Building Effective Client Responses
Written by listed counsellor/psychotherapist: Keith Abrahams Dip.HG.P
19th June, 2012
As the therapy progress and trust (often called rapport) builds, the client should be helped to move into positive ways of responding; either to depression, anxiety, fear, anger, phobias or the full gamut of emotional distress which is so often part of the human condition.
In this way the therapist should seek to work in therapeutic alliance with the client to help them achieve a number of key things:
- Re-enforcement - helping the client to focus on their gifts strengthens and talents. This is akin to the positive psychology (focused on building on the best in people). It s from this place that clients can stand to see and value their capacity for positive change. The Human Givens has been described as the ‘heart of positive psychology’.
- Reframe – that positive approach can be applied to the negative thoughts, behaviours, feelings and patterns that often feel as if they blight they client’s life. Based on the principle that all human behaviour is in some way goal directed, reframing helps the client to understand their behaviours more clearly, identify the lacking need and get it met more healthily. Cognitive Behaviour Therapy (CBT) is often used.
- Resolve – very often such needs are not being met because there come sort of internal conflict within the client. The Human Givens approach enables those conflicts to be given space for exploration, allowing them to be brought out into the open, to be resolved and new healthier, positive ways to be established.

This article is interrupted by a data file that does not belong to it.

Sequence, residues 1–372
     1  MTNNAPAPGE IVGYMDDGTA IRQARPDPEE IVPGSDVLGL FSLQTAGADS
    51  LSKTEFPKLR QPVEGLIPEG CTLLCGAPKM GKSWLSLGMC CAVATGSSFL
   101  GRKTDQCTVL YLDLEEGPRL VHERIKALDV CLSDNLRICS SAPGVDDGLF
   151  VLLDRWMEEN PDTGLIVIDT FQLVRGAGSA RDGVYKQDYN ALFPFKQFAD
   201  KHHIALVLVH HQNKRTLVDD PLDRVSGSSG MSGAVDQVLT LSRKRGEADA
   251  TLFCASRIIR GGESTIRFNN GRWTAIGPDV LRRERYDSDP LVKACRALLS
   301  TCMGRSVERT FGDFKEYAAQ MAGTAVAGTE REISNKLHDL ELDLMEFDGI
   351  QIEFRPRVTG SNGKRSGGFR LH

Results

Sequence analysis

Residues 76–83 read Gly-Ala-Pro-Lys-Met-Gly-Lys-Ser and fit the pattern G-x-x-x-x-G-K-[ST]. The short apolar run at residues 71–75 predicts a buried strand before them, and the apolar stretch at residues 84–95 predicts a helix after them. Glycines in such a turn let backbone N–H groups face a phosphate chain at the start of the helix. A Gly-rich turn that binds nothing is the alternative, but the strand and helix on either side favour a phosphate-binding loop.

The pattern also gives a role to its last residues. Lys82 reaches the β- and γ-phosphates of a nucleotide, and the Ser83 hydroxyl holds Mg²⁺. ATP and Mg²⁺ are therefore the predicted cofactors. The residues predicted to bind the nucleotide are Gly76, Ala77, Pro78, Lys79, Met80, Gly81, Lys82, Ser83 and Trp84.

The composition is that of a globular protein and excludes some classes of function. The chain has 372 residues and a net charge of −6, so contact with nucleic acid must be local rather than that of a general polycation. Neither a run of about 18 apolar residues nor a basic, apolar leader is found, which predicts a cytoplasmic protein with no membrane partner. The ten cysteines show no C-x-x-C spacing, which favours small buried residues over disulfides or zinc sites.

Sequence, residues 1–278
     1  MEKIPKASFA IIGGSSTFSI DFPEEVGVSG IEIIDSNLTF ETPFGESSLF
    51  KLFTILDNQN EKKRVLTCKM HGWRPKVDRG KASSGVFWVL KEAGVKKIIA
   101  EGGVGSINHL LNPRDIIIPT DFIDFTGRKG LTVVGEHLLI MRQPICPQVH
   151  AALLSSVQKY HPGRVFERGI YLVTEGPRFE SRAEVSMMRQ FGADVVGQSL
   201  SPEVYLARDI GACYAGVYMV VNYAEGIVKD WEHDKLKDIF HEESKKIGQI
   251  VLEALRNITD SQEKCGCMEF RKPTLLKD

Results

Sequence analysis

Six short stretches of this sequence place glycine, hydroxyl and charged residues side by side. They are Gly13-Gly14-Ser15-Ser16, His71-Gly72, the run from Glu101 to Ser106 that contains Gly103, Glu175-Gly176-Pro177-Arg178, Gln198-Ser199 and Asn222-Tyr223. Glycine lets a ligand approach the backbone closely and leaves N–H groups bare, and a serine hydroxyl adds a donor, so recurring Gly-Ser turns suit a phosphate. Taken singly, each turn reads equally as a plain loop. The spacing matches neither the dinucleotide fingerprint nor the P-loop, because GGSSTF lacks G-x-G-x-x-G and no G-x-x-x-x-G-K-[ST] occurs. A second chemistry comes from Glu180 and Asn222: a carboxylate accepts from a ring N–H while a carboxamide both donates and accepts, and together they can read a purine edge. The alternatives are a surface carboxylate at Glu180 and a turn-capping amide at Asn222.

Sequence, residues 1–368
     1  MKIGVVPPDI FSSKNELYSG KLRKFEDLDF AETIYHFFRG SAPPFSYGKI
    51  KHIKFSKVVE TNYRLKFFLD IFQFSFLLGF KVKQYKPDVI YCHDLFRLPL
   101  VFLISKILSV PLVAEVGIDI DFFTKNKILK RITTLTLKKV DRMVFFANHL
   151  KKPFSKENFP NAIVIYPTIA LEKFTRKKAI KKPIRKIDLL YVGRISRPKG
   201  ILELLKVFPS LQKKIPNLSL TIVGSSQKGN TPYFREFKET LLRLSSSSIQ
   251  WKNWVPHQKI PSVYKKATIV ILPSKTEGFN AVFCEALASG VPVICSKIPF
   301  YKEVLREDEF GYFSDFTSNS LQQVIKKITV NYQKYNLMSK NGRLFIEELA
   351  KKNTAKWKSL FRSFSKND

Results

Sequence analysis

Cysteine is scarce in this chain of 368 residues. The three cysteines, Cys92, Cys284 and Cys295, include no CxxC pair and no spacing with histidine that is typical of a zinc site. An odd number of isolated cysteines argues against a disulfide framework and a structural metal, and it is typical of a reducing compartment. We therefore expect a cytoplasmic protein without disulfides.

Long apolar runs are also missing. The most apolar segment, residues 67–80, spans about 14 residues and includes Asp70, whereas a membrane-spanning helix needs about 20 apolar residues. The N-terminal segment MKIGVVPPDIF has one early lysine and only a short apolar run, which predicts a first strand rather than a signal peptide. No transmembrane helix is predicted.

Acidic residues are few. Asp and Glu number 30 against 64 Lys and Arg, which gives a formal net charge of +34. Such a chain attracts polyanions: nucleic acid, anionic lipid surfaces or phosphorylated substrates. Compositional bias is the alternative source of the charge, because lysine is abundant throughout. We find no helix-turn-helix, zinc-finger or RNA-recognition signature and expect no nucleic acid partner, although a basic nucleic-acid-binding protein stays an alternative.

- Regression – without endlessly exploring the past, regressing back and understanding how key events, persons or memories have influenced our current behaviour can help bring the client up to date with the greater understanding of the re-enforced abilities, reframed patterns and resolved conflicts – this is especially around traumatic events, where the rewind technique is a powerful and careful combination of regression to the memory and resolution of its effects.
- Roles – all of us often play various roles in different situations. Maybe we learnt these roles ourselves, maybe they were assigned to us, often called social conditioning. The key interest for the therapist will be around how effective these roles are in the clients life and indeed, if the right role s being played in the right place, at the right time!
- Rehearse – the human Givens therapist will also ensure that regardless of the issue, the client is advised, supported at has the opportunity to build, mentally rehearse and physically practice the effective response that they wish to give in their lives.
In this (and with these) positive set of ways, the client builds a set of effective responses, quickly.
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